Dietary fibre intake? Chances are yours is too low

When it comes to dietary fibre, society’s understanding of it has come a long way over the past four decades. To emphasise this, one need only look at this 1986 Australian ad for a product called Fibre Trim.

Many of you will remember that ad. Perhaps some of you even took Fibre Trim. What’s interesting about the ad, looking at it through a 2023 lens, is how it promoted the product.

Fibre Trim was dietary fibre in tablet form. But the reason you should’ve been buying it in 1986, according to the ad, was not to improve your gut health but as a supplement to help you lose weight.

This weight loss could be attained with Fibre Trim’s help “when taken with a calorie-controlled diet and exercise”. Of course!

You might not be surprised to learn that Fibre Trim disappeared from supermarket and pharmacy shelves long ago. Dietary fibre supplements remain, however. You probably won’t find them marketed as weight loss aids, though.

The importance of dietary fibre

Those supplements still exist because dietary fibre is important. Not as a weight-loss product, but rather as key part of maintaining a healthy gut. Back in 1986, few Australians would have heard the term ‘gut health’. In 2023, we know it, and are well aware of its importance.

Despite that widespread knowledge, sadly, the vast majority of Australians don’t get enough. In fact, across all adult age groups, less than 20 per cent of Australians reach their suggested dietary target of fibre. (For women that target is 28g daily for women and for men 38g.)

If there is any good news from such disappointing findings, it’s that a higher proportion Aussies over 50 have an adequate fibre intake (25g for women, 30g for men). But even those numbers are low, with 31 per cent of adults aged 51–70 getting adequate intake. In the over 70 age group, the figure is around 29 per cent.

And yet most of us are well aware of the potential poor health consequences of a low dietary fibre intake. These include, constipation, haemorrhoids, diverticulitis, irritable bowel syndrome (IBS) at the lower end of the scale. More seriously, heart disease, diabetes, bowel cancer and breast cancer are all linked to a low intake.

Solutions – good and better

Now that you’ve been reminded of what you probably already knew, what should you do about it? Are dietary fibre supplements a good way to reach your suggested dietary target?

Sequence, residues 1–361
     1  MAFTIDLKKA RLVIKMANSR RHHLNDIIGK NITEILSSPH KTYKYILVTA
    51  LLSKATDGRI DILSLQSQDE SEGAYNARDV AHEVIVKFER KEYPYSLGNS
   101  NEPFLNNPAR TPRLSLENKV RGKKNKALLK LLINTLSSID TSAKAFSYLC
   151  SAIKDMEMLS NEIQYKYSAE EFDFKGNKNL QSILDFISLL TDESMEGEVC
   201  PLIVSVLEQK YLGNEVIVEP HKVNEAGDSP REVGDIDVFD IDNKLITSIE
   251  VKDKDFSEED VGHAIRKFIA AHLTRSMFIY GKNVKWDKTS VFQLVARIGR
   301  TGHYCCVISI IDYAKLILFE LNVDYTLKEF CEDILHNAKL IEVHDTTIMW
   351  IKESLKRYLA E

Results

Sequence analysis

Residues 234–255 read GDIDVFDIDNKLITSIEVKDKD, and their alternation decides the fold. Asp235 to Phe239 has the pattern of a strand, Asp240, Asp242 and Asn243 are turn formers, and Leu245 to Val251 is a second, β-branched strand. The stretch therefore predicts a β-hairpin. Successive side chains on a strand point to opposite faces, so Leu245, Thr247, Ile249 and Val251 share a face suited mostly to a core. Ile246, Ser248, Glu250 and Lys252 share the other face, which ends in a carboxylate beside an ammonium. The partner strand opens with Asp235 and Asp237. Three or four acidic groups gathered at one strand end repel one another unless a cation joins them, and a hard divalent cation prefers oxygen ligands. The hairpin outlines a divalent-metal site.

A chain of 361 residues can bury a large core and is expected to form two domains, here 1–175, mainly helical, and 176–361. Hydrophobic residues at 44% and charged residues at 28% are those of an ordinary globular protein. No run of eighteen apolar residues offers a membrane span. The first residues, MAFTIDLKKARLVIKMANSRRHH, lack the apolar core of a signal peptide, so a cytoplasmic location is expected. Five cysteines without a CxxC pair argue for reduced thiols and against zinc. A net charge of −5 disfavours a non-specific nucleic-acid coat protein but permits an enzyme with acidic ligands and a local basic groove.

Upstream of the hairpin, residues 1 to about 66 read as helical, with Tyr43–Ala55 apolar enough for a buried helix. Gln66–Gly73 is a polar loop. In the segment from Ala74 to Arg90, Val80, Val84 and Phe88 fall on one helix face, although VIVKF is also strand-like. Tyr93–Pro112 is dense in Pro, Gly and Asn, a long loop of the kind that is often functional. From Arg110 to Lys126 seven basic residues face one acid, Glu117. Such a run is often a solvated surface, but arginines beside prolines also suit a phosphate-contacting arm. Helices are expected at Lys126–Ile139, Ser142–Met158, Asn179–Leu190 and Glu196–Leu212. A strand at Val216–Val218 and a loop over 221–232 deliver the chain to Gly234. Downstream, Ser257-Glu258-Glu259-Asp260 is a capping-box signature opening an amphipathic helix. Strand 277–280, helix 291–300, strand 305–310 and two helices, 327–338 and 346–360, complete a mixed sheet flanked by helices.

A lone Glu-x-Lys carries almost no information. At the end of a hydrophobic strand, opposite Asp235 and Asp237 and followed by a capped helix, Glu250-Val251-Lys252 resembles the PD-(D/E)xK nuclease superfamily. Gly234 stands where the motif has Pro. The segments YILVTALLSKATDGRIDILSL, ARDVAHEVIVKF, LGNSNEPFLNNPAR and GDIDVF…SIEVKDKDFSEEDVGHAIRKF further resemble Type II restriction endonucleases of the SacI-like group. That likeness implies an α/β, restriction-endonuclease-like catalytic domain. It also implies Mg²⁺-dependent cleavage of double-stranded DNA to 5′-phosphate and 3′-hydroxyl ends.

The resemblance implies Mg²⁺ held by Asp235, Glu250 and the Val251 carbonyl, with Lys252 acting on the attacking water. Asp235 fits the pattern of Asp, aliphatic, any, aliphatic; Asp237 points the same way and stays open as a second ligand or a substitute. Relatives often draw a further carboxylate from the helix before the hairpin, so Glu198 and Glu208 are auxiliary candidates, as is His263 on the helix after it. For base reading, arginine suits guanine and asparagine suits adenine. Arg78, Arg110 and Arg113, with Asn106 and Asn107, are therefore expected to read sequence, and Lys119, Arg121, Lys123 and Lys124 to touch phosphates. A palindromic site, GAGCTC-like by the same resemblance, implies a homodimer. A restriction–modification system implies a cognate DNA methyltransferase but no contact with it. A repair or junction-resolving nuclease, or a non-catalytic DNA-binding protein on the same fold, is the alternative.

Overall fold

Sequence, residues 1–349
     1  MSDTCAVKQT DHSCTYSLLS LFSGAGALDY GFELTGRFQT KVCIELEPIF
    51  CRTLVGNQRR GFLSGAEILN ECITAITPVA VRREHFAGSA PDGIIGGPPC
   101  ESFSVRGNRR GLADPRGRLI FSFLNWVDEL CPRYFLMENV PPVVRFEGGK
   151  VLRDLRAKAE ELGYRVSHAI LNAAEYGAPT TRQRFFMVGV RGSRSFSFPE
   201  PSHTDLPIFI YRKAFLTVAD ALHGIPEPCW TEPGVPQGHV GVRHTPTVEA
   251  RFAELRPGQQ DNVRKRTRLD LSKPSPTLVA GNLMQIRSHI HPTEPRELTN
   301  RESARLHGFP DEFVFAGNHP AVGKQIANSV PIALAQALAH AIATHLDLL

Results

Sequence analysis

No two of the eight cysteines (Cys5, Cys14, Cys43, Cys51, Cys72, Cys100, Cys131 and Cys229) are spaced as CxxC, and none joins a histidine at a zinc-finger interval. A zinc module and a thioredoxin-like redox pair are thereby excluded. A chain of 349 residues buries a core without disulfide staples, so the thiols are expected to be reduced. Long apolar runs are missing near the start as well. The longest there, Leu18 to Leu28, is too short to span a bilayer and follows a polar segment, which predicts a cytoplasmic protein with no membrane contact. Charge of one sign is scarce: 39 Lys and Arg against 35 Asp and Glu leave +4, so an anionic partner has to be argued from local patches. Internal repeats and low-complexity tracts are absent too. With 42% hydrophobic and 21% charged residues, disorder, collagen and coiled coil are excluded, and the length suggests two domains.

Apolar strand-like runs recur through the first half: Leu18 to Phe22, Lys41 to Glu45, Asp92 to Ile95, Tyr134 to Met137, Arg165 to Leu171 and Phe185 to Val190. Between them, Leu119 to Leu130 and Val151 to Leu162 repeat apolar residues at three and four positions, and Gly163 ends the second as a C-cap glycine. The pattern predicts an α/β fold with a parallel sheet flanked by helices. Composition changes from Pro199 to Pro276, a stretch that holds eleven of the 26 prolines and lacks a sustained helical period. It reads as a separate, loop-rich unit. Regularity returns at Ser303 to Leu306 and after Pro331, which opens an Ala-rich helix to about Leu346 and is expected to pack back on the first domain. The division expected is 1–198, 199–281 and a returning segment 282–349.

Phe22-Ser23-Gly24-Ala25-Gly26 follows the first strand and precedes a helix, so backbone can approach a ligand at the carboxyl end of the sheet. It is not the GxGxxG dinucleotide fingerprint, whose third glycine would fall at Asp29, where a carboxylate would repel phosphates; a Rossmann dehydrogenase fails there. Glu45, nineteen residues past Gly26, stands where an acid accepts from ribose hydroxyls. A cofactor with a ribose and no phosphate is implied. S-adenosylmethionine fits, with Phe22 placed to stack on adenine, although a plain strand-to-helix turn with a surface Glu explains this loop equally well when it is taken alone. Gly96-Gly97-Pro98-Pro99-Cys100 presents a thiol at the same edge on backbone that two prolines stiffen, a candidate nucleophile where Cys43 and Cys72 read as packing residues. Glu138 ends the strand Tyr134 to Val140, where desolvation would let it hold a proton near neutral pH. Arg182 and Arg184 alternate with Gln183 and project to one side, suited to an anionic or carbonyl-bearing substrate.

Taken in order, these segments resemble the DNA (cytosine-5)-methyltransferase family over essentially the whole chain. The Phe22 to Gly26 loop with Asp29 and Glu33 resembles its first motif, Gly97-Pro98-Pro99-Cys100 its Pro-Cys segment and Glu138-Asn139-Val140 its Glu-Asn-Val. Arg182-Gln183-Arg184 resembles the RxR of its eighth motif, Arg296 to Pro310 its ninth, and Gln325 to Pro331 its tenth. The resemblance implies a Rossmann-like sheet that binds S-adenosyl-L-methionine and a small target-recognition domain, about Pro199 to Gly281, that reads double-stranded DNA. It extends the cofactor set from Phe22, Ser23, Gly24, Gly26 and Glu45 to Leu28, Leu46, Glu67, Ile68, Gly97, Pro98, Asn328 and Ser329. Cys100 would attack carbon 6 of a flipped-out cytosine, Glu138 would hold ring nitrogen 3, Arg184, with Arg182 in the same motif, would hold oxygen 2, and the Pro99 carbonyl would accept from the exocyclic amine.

Such supplements can be useful. But as with most supplements, they will almost certainly not provide as many health benefits as natural fibre. And, surprising as it may sound, it is possible to have too much fibre. Best to see your GP before going down the dietary fibre supplement path.

Natural sources of fibre are the best solution. And there’s no shortage of natural sources. Most of them you will already know. Fruit and vegetables, nuts, wholegrain cereals, brown rice – the list goes on.

If you’re planning on doing something about your dietary fibre levels, that’s great. One warning, though – increase slowly. If you jump from low levels to high too fast, you’ll risk bloating, abdominal pain and flatulence. Take it slowly and you’ll soon be on your way to a healthier gut and probably a longer life.

Do you know if you have enough dietary fibre in your diet? What are your go-to high fibre foods? Let us know in the comments section below.

Also read: Could this diet cut bowel cancer risk?

Disclaimer: This article contains general information about health issues and is not advice. For health advice, consult your medical practitioner.

Andrew Gigacz
Andrew Gigacz
Andrew has developed knowledge of the retirement landscape, including retirement income and government entitlements, as well as issues affecting older Australians moving into or living in retirement. He's an accomplished writer with a passion for health and human stories.


  1. A word of dietary fibre warning to those living the expat life: we’ve been overseas for family care reasons for a greater part of the past 15-20 years since retirement and I’ve always considered myself reasonably fit, with at least 2 hours of walking and/or cycling every day. But just two weeks ago I suddenly suffered inexplicable rectal bleeding. A visit to the local hospital identified bleeding haemorrhoids and my lack of dietary fibre due to the high white bread and white rice intake prevalent amongst relatively poor locals in our SE Asian community.
    Baguettes are a convenient and tasty way of consuming western-style food in Asia, and widely popular amongst expats – but they consist of white bread and mostly processed meat, so hardly a great source of dietary fibre. Beware!

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